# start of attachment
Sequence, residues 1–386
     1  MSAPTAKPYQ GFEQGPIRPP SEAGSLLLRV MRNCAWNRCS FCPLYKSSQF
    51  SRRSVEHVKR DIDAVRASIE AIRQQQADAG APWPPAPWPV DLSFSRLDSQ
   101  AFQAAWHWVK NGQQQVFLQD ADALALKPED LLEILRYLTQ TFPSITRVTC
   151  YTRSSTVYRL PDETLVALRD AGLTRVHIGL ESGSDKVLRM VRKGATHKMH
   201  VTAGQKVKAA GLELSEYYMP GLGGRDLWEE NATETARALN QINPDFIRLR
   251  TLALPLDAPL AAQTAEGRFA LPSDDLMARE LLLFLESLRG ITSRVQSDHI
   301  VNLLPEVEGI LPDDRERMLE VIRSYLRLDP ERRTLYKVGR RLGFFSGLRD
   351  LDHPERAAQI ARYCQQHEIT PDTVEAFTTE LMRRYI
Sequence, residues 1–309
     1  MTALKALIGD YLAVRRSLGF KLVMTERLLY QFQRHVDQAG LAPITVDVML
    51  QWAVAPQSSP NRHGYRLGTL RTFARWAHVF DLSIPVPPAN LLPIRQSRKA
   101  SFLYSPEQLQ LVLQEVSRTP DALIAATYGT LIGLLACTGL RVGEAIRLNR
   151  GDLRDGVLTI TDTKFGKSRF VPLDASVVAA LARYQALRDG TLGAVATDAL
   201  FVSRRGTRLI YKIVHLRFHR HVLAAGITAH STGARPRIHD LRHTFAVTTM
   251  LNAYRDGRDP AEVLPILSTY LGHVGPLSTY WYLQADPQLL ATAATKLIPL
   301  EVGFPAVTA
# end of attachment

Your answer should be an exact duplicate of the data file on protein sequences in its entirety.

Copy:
Sequence, residues 1–386
     1  MSAPTAKPYQ GFEQGPIRPP SEAGSLLLRV MRNCAWNRCS FCPLYKSSQF
    51  SRRSVEHVKR DIDAVRASIE AIRQQQADAG APWPPAPWPV DLSFSRLDSQ
   101  AFQAAWHWVK NGQQQVFLQD ADALALKPED LLEILRYLTQ TFPSITRVTC
   151  YTRSSTVYRL PDETLVALRD AGLTRVHIGL ESGSDKVLRM VRKGATHKMH
   201  VTAGQKVKAA GLELSEYYMP GLGGRDLWEE NATETARALN QINPDFIRLR
   251  TLALPLDAPL AAQTAEGRFA LPSDDLMARE LLLFLESLRG ITSRVQSDHI
   301  VNLLPEVEGI LPDDRERMLE VIRSYLRLDP ERRTLYKVGR RLGFFSGLRD
   351  LDHPERAAQI ARYCQQHEIT PDTVEAFTTE LMRRYI
Sequence, residues 1–309
     1  MTALKALIGD YLAVRRSLGF KLVMTERLLY QFQRHVDQAG LAPITVDVML
    51  QWAVAPQSSP NRHGYRLGTL RTFARWAHVF DLSIPVPPAN LLPIRQSRKA
   101  SFLYSPEQLQ LVLQEVSRTP DALIAATYGT LIGLLACTGL RVGEAIRLNR
   151  GDLRDGVLTI TDTKFGKSRF VPLDASVVAA LARYQALRDG TLGAVATDAL
   201  FVSRRGTRLI YKIVHLRFHR HVLAAGITAH STGARPRIHD LRHTFAVTTM
   251  LNAYRDGRDP AEVLPILSTY LGHVGPLSTY WYLQADPQLL ATAATKLIPL
   301  EVGFPAVTA